Thursday , May 28 2020
Laurel Canyon

Virtual SXSW: Film Review – ‘Laurel Canyon: A Place in Time’

There are certain places, like Paris in the 1930s or Italy during the Renaissance, where just the right combination of freedom, people and culture come together to allow creativity to blossom like wildflowers in the spring. The film Laurel Canyon: A Place in Time explores why this obscure Los Angeles neighborhood evolved into a musical Garden of Eden during the decade beginning about 1965.

The SXSW Conferences were canceled this year because of the Corona Virus. The film, which had been accepted as part of the SXSW series of music-oriented films, 24 Beats Per Second, immerses you in the joy, craziness and tragedy of that special segment of American music history.

Laurel Canyon
Joni Mitchell at her place in Laurel Canyon

The special circumstances of that neighborhood allowed documentation of this bright spot of musical creativity in truly special ways. For me, being a child of the sixties, this film not only entertained, but revealed insights into my own life and musical experience.

Photos in the Canyon

The film was created by writer/producer/director Alison Ellwood who has done previous films about musical performers and eccentric personalities. In the beginning of the film she introduces viewers to still photographer Henry Diltz. We see Diltz sitting in front of hundreds of boxes of slides, a spot from which he shares his reminiscences. Diltz began as a musician with the Modern Folk Quartet, but began taking photos, many of which ended up on the covers of albums by the biggest names of the era. After a photo taken of them by Diltz, three young musicians decided to call their newly formed group Crosby, Stills & Nash.

Laurel Canyon
Henry Diltz took thousands of photos in Laurel Canyon

Other still photos came from groupie turned photographer Nurit Wilde. In the film Wilde recalls how she upgraded herself when she started working on lighting at the Whiskey a Go Go. Like Diltz, her photographs include iconic singers such as Jackson Browne, Joni Mitchell, Jim Morrison, Michael Nesmith, and Linda Ronstadt.

The film is presented in two one-hour segments. The first part is the happy birth of this amazing period. The second part details the social and economic changes that overturned this musical Shangri-La.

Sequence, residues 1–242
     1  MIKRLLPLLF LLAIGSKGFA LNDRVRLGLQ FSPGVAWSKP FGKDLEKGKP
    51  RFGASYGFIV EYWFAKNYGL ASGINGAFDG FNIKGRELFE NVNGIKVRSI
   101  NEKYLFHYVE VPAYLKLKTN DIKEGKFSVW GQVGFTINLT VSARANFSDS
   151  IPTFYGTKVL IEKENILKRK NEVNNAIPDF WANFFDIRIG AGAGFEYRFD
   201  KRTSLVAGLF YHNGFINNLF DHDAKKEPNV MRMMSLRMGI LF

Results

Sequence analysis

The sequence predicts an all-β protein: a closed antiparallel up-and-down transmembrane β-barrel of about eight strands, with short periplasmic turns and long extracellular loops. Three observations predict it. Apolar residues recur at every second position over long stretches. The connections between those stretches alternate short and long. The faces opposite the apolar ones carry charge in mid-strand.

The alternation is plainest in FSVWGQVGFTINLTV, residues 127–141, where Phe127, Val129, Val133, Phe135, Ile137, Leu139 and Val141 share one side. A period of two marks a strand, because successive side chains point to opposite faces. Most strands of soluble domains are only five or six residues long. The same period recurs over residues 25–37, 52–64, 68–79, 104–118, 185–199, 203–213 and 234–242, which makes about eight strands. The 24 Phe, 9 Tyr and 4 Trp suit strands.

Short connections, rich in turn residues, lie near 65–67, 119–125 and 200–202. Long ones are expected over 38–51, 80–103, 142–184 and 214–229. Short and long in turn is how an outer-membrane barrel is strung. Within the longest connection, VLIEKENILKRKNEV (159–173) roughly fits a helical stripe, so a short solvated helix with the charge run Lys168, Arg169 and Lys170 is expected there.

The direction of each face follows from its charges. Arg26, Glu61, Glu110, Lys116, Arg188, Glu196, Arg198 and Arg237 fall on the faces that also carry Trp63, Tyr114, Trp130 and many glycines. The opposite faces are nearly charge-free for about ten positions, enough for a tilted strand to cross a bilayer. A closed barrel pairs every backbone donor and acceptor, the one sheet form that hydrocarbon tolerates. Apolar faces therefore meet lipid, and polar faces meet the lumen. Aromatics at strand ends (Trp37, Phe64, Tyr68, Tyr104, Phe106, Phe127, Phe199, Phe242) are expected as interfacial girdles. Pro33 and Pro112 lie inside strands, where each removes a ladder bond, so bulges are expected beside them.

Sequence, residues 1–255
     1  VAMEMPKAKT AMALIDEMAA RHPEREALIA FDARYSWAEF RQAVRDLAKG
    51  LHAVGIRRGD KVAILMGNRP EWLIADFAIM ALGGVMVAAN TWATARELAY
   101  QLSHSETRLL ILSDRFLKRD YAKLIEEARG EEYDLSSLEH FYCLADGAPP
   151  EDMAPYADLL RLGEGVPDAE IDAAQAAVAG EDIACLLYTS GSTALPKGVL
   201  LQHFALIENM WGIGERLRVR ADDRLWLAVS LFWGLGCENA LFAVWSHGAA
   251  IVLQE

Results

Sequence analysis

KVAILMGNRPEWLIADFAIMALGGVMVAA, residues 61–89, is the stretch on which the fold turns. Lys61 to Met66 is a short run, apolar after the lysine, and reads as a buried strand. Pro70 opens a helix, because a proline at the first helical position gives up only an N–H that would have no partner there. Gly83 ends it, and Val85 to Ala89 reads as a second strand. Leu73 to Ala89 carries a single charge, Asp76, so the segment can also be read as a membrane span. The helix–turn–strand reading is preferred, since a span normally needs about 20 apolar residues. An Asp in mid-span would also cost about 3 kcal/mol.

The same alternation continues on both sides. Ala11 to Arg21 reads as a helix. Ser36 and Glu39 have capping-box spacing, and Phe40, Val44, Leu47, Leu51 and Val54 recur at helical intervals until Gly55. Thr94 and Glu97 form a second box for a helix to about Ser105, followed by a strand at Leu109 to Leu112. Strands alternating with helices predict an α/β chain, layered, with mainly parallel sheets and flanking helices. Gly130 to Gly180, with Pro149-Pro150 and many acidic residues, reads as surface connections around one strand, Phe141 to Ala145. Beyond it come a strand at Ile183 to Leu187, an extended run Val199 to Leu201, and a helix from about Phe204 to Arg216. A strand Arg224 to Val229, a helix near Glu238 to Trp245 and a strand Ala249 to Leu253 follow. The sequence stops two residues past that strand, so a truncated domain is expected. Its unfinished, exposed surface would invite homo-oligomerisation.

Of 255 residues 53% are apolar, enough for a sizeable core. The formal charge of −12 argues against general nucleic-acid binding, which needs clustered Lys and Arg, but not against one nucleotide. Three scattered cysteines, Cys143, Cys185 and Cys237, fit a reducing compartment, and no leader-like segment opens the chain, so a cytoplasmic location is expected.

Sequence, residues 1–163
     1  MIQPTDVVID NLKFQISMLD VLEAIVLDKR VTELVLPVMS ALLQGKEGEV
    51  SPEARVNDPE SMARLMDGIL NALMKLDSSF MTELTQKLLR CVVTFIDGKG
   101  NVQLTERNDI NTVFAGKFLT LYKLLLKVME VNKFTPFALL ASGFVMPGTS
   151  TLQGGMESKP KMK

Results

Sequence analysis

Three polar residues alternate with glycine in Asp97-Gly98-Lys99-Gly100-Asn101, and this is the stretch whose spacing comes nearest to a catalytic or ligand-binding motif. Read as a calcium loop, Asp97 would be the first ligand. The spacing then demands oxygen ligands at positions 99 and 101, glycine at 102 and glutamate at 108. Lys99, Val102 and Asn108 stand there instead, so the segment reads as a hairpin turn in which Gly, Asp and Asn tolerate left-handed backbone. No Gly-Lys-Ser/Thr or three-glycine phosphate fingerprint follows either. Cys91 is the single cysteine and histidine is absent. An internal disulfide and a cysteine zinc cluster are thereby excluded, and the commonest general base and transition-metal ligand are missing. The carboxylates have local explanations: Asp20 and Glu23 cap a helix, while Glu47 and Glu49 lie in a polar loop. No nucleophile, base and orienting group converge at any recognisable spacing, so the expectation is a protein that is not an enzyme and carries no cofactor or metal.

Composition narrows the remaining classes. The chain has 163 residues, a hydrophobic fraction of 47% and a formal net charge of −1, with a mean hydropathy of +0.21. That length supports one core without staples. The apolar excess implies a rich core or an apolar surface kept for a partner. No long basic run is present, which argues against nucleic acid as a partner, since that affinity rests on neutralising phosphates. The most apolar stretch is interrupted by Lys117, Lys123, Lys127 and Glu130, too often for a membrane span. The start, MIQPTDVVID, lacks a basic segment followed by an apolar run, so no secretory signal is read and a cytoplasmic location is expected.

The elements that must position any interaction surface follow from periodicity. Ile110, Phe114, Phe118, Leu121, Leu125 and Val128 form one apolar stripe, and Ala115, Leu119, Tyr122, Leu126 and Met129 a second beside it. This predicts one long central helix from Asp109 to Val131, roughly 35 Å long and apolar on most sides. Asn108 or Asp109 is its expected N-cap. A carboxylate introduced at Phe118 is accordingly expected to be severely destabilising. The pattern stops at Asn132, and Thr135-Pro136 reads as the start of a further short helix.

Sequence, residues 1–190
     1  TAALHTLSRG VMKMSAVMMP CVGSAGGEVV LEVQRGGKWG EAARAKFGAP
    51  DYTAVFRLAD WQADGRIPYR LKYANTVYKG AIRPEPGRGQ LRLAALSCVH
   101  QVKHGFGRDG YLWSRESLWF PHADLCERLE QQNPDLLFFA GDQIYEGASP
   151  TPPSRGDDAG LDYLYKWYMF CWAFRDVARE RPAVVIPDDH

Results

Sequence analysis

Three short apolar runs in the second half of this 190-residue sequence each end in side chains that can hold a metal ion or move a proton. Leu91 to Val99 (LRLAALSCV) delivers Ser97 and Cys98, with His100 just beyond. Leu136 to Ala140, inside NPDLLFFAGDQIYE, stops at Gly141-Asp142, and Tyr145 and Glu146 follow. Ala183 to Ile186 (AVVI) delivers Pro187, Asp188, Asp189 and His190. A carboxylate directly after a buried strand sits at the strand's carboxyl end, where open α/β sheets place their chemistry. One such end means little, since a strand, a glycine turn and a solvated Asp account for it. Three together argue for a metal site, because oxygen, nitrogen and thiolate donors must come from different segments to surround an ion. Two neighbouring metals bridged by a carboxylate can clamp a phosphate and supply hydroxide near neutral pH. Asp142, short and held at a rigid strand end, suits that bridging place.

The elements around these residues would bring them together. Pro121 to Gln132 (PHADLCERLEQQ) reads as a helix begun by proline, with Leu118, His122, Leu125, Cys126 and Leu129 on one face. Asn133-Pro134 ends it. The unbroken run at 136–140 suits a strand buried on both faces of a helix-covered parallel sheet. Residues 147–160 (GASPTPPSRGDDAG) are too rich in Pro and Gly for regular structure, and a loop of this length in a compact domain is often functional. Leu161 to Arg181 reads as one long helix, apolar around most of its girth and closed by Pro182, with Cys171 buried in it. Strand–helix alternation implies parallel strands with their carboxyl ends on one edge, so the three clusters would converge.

So Happy Together

The film begins with vintage footage of a car traveling through Los Angeles with “Happy Together” by The Turtles providing the soundtrack.

As various bands began to discover the canyon, we see film and pictures of people you wouldn’t have expected to be hanging out together. The Monkees were an ersatz group put together for a TV show to emulate the Beatles movies like Yellow Submarine or A Hard Day’s Night. Yet they were there in the mix with Frank Zappa, The Doors, and the Mamas and the Papas.

Amongst the celebrity talk and photos are some serious discussions about the music. The Laurel Canyon musicians were reacting to the “British invasion” – the domination of American music by English groups inspired by the Beatles. The reaction was often to seek a synthesis of the new sounds with traditional American motifs such as Rhythm and Blues, and Country.

Laurel Canyon
Linda Ronstadt was the ultimate song stylist of the era

I personally thought during this period that I was rebelling against my parents’ Country music passion. The film helped me understand that groups like America and performers like Jackson Browne were really building on this tradition.

The film also chronicles venues like the Whiskey a Go Go and The Troubadour. These were small, intimate clubs. I was lucky enough to live about a mile from the Troubadour during part of this period, and I’m sure it’s my voice yelling on the recording of one of Linda Rondstadt’s songs recorded live at the Troubadour.

And then there was Woodstock. The film holds this up as the high point of the peace and love generation’s cultural coming of age and explores its influence on the musicians and music.

Riders on the Storm

The second part of the documentary explores how the environment changed from the bright joyful world of Joni Mitchell’s “Ladies of the Canyon” to the dark threatening world of the Doors’ “Riders on the Storm.”

The environment went from intimate clubs to stadium rock. Musicians stopped sharing ideas and became protective of their work. Hippies were no longer seen as flower children, but like the people who hung out with mass murderer Charles Manson.

Jim Morrison passed out on stage during a concert

Woodstock was the symbol of the early period, but another concert – Altamont – became the new symbol. People were stabbed, run over and drowned. Security was provided by the Hell’s Angels Motorcycle Club.

The second part of the documentary is not all gloom and has beautiful musical performances. It spends considerable time on the early career of Linda Ronstadt and the singers she helped and influenced.

One of the singers who survived the chaos, lamented that they were still hippies, but they were rich hippies, and they moved to Beverly Hills.

Still Singing

After all this time and so many changes, there is still a song in the canyon. Los Angeles Magazine reports that residents of Laurel Canyon, isolating because of the Coronavirus, have been sitting in their windows serenading one another and having sing-a-longs. It is still a place blessed by music.

Laurel Canyon: A Place in Time will be play on Epix, May 31st and June 7th at 9 p.m. ET.

About Leo Sopicki

Writer, photographer, graphic artist and technologist. I focus my creative efforts on celebrating the American virtues of self-reliance, individual initiative, volunteerism, tolerance and a healthy suspicion of power and authority.

Check Also

Mojo Nixon

Virtual SXSW: Film Review – ‘The Mojo Manifesto’: Punk Country Crooning

Mojo Nixon combined punk rock and country to craft a unique style sometimes described as cowpunk or psychobilly.